• Outward Bound 
  • Arizona Nights 
  • Intimate Strangers 
  • TO THE LADIES 
  • Playwrights: George S. Kaufman and Marc Connelly.
  • Director: Walter Ben Hare.
  • Cast: Rafael Villagrana, Earl Barrows, Mrs. E.P. Palmer, Betty Barry, Joseph Jenckes Jr., Katherine Hannon, George H. Field, Philip Munch, Herbert Horn, Mrs. Herbert Horn.
  • Comments: The original Broadway production opened at the Liberty Theatre on February 20, 1922 and ran for 128 performances. In 1923, it was made into a silent film starring Edward Everett Horton the following year.
  • THE TORCH BEARERS 
  • Playwright: George Kelly.
  • Director: Ninita Mayne.
  • Cast: F.L. Reese, Victor Kolberg, Herbert Horn, Mark Finley, George H. Field, George Corpstein, Lucy Galbraith, Claire Kolberg, Dixie Johns, Mary Lambert, Bernice Downing.
  • A MIDSUMMER NIGHT’S DREAM.
  • Playwright: William Shakespeare.
  • Directors: Katherine Wisner McCluskey, Horace Button. Production Manager: Victor Kolberg.
  • The company’s first revival of a previous production was performed outdoors.

The 1924-1925 season was the first presented at the Heard Stables.

  • 1924-1925 
  • One Room Plus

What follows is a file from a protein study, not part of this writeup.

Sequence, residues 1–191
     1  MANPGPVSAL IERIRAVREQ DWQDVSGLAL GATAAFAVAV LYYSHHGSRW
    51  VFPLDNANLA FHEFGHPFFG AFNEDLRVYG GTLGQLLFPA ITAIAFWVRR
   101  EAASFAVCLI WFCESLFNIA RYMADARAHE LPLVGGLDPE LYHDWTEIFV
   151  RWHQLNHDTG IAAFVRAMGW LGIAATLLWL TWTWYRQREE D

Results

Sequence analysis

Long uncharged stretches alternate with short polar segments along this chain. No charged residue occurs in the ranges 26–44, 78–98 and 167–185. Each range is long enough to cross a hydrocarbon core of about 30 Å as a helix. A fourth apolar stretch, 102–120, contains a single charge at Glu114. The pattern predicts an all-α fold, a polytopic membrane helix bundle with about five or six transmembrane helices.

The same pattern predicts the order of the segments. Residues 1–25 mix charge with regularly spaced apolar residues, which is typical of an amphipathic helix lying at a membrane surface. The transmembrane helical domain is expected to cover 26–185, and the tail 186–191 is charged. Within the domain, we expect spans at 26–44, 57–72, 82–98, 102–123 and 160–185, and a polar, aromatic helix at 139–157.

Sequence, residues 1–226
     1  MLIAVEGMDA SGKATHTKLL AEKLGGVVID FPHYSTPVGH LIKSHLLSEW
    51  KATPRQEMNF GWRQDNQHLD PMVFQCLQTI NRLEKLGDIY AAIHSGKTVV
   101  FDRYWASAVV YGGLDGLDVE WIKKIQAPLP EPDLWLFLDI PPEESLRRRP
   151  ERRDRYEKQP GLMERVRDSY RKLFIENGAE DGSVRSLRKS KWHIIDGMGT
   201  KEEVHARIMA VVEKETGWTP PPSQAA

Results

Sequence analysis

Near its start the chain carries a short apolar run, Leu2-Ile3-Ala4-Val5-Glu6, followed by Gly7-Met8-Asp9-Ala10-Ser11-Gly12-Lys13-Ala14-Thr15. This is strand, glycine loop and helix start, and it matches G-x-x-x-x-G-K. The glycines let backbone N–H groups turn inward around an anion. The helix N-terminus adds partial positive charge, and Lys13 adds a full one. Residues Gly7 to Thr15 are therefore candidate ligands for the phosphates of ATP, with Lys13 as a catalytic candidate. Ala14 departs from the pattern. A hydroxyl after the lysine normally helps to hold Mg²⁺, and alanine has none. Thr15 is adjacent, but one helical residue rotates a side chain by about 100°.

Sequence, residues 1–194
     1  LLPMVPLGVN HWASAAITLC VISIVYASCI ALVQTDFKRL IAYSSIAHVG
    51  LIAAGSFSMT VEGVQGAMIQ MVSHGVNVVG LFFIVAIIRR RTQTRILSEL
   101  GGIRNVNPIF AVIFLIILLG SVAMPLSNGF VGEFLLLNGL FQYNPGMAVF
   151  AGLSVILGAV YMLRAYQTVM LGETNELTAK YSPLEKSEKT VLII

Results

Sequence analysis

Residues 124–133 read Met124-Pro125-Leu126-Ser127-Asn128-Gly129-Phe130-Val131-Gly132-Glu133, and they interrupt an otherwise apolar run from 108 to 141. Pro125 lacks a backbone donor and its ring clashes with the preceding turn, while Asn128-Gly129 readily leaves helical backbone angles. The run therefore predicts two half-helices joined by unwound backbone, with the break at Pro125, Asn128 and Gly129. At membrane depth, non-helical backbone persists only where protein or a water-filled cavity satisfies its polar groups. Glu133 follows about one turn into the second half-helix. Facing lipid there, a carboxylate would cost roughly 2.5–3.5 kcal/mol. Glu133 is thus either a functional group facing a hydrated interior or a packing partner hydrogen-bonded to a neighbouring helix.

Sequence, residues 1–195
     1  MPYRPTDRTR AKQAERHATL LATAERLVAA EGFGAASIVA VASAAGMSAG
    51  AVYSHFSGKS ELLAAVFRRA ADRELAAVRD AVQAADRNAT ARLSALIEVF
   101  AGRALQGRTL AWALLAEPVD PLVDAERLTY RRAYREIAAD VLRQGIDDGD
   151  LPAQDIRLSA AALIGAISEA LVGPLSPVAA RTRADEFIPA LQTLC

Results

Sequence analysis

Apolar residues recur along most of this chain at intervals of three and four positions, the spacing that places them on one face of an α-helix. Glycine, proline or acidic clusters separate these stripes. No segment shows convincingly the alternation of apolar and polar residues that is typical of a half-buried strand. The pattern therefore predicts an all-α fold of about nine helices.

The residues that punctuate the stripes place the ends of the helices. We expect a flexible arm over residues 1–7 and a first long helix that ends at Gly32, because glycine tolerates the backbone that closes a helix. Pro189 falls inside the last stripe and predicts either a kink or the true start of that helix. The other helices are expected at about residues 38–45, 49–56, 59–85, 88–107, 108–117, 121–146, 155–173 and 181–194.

• Mountain Top 
  • Pot Boiler 
  • Mary the Third 
  • Dream Kid 
  •  A Doll’s House 
  • Twelfth Night
  • 1923-1924
  • Aria del Capa 
  • Trifles 
  • Man in the Bowler Hat 
  • Three Pills in a Bottle
  • Knave of Hearts
  • The White-Haired Boy
  • The Merry Wives of Windsor
  • 1922-1923
  • THE FLORIST SHOP
  • Playwright: Winifred Hawkridge.
  • Comments: Written in 1915, this comedy about shenanigans in a florist’s shop is probably so far past its prime it would be unreproducible today.
  • MR. PIM PASSES BY
  • Playwright: A. A. Milne.
  • Directors: Maie Bartlett Heard, Harry Behn.
  • Cast: Mary Christy, Ben Henshaw. Margaret Ellis, Victor Kolberg, Helena Redewill, Bartlett Heard, Angela Marshall.
  • Scenic Design: John Devereaux York.
  • Comments: This delightful comedy tells of what happens in a very conventional English home when little Mr. Pim, who has so much trouble with names, drops in one day on a small matter of business. The business is soon forgotten when Mr. Pim announces that the former husband of the lady of the house, thought to be deceased, is alive. Since the lady is married now, she is a bigamist. Her present husband, always a trifle pompous and tyrannical, is upset no end. Then Mr. Pim passes by again; this time he confesses that he confused two names and it is safe to assume that the lady’s first husband is dead, as they originally believed. Without telling her husband, the lady uses the knowledge as a weapon not only to get what she wants in the house but to force her husband to permit his niece to marry the young artist who loves her.